[Opinion] Many of the school’s traffic problems are caused by entitled drivers


Julia Landy

Many of the school’s traffics are due to impatient parents.

Travis Newbery, Editor-in-Chief

As the world has progressed through the course of time, its technology has improved remarkably. Humans as a species went from walking, to riding horses, to boats, trains, planes and most prominently today, cars. But what do you get when you cross an ever-growing population with billions of these small vehicles? Traffic.

It’s safe to say that any school with over 3,500 students is bound to experience problems related to traffic and transportation. However, the traffic around the campus of Marjory Stoneman Douglas High School is a serious mess.

Our traffic problems stem from a simple concept which has somehow blossomed large enough to severely deteriorate the school’s transportation infrastructure: entitled parents.

These parents, these special snowflakes who apparently believe they are more worthy than thousands of other parents and students, actively circumvent the normal methods of drop-off and pick-up just to save a few minutes.

The most baffling cases of this crippling selfishness are parents dropping off their kids in the middle of the road. They drive halfway down Holmberg or Pine Island, pull to the side of the road and completely stop to let their kids out. Do they not realize what they are doing? They are stopping in the middle of the road, holding up everyone behind them and being a nuisance to every other driver around.

The worst instances occur in turning lanes. I can be driving to school, following behind a seemingly unentitled-looking car, about to turn right onto Holmberg to get into the senior parking lot, when I am suddenly forced to completely stop behind some parent who, for some reason unbeknownst to me, cannot drive the extra 500 feet to reach the car line. I’m not even able to go around them because of the cars in the lane beside me, so I have to sit and watch their children take their sweet time to get out of the car.

What’s even more appalling is what happens at pick-up time. There is a solid line of cars pulled over facing east on Holmberg, waiting for their children to walk out of school, and in the process forming a second lane on a one-lane road.

Obviously, this extreme misuse of the road results in free-for-all chaos and gridlock. This culminates with the slow formation of Westglades Middle School parents, whose kids get out only an hour later, creating a massive buildup of cars all the way down to the roundabout.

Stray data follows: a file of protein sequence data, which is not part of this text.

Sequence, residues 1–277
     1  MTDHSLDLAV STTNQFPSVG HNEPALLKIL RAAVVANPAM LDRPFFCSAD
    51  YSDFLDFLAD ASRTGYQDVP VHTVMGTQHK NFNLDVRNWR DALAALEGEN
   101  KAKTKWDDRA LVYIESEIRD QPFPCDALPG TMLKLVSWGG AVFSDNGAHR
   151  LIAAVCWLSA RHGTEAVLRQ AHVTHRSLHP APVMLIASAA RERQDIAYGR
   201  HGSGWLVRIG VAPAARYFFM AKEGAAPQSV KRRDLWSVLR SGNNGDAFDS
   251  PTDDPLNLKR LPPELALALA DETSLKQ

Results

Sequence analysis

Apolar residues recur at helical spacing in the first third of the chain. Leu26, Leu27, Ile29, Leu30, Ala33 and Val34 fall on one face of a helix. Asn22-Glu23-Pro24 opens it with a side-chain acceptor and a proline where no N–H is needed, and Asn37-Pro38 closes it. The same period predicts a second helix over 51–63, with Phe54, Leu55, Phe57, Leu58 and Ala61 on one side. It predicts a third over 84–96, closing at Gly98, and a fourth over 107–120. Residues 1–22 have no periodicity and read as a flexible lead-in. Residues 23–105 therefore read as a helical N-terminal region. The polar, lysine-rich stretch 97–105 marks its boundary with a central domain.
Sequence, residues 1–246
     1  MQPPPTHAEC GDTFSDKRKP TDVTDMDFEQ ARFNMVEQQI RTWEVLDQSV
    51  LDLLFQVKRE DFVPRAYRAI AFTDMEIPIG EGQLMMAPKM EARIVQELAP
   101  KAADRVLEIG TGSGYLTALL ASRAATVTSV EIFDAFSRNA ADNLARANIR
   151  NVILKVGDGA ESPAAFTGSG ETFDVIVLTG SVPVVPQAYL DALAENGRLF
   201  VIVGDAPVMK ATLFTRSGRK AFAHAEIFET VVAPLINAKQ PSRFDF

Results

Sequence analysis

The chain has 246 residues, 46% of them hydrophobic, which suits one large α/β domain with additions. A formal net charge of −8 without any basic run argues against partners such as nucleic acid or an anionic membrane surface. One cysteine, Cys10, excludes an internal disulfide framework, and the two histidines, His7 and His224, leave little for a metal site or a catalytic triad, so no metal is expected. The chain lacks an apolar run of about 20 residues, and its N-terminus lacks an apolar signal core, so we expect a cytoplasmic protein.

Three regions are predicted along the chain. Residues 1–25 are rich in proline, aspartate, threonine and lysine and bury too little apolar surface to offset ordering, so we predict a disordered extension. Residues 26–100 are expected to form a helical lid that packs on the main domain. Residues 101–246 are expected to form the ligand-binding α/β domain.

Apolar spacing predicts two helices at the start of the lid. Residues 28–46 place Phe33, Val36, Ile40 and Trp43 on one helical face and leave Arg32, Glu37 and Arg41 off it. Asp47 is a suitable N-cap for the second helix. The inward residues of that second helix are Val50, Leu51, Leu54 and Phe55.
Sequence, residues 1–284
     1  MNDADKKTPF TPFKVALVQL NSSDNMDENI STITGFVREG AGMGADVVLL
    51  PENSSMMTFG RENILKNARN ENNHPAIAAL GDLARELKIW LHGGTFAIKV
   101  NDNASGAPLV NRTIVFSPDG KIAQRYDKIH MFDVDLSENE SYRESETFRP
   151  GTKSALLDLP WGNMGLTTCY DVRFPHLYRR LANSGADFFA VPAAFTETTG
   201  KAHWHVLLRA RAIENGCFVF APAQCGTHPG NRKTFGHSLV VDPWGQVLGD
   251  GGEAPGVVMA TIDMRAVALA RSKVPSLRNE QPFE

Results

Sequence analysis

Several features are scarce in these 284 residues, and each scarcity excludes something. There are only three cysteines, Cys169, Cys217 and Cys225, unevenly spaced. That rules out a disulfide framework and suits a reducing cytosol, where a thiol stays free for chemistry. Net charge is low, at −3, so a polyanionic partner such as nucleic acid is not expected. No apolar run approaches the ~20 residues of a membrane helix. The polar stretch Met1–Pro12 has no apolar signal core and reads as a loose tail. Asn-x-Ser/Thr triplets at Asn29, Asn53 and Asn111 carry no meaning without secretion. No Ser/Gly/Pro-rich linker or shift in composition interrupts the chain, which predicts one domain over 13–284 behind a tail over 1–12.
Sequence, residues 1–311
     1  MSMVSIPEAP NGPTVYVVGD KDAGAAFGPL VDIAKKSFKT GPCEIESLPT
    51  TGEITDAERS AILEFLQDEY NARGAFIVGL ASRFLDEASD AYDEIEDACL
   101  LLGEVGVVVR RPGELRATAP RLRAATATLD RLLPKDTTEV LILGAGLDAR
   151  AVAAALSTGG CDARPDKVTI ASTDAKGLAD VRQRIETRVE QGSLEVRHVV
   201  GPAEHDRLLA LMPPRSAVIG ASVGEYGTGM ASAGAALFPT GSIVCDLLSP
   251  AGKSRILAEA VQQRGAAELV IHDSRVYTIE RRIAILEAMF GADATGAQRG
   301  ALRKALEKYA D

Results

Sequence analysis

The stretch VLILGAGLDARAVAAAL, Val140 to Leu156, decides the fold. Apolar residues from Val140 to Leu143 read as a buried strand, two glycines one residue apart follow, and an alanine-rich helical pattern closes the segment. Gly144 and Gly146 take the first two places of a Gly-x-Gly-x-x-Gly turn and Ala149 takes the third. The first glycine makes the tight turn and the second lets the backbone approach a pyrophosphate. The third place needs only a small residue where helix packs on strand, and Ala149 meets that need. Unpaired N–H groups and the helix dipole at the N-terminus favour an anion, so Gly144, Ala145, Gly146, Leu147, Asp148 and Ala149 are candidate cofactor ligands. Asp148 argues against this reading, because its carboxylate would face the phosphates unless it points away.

“The roundabout that’s right next to the Walmart?” Yes, dear reader, that roundabout next to the Walmart, whose parking lot is also plagued by the privileged masses. The entire shopping center that includes Walmart, Starbucks, Bank of America and Crumbl Cookies, is almost completely congested after that 2:40 p.m. bell rings.

I feel for the poor shoppers who just want their coffee or Subway and are stuck behind the swarms of parents and students, but I also feel for myself, when I have to rush out of school to get to Crumbl at least twice a week and can barely get into the parking lot by the time my shift is supposed to start.

Gridlock around campus after school is a big hassle. Many students and teachers alike, often sit waiting behind the sea of parents. I’ve sat at the traffic light at Pine Island and Holmberg for upwards of 10 minutes, waiting for the other seniors and parents ahead of me to go, while also being at the mercy of the groups of students biking and walking at the crosswalk.

I know it’s not just me who’s frustrated at the inappropriate usage of the roads around the campus. Most every other senior and teacher I’ve talked to have shared their own stories of long waits and unformidable traffic. So, what is there to do exactly?

For one thing, the Broward Sheriff’s Office needs to step up their enforcement of basic road laws. They obviously know about the problem since they have a large presence on campus and an officer outside the senior lot directing traffic daily, yet to my knowledge, they have done little to prevent these self-serving parents from abusing the roads. I say bring the tickets on; what they do is obviously illegal, so make an example out of a few parents and show the egotistical lot of them that they cannot keep up their dodging of legal drop-off and pick-up methods.

There’s also a simpler solution: arriving earlier in the morning and later in the afternoon. The school is open before 7 a.m. and after 3 p.m., but there are consistently the most parents right before school starts and right after school ends. I understand the desire to sleep in more in the morning and get home as soon as possible in the afternoon, but why not take a few extra minutes out of the day to help prevent the large influx of traffic by spreading it out over a larger period of time?

While the traffic around school seems like an insurmountable problem, there are a few very simple solutions that can be done to greatly alleviate it. But the biggest one I would suggest? Get off your high horse.

This story was originally published in the October 2021 Eagle Eye print edition.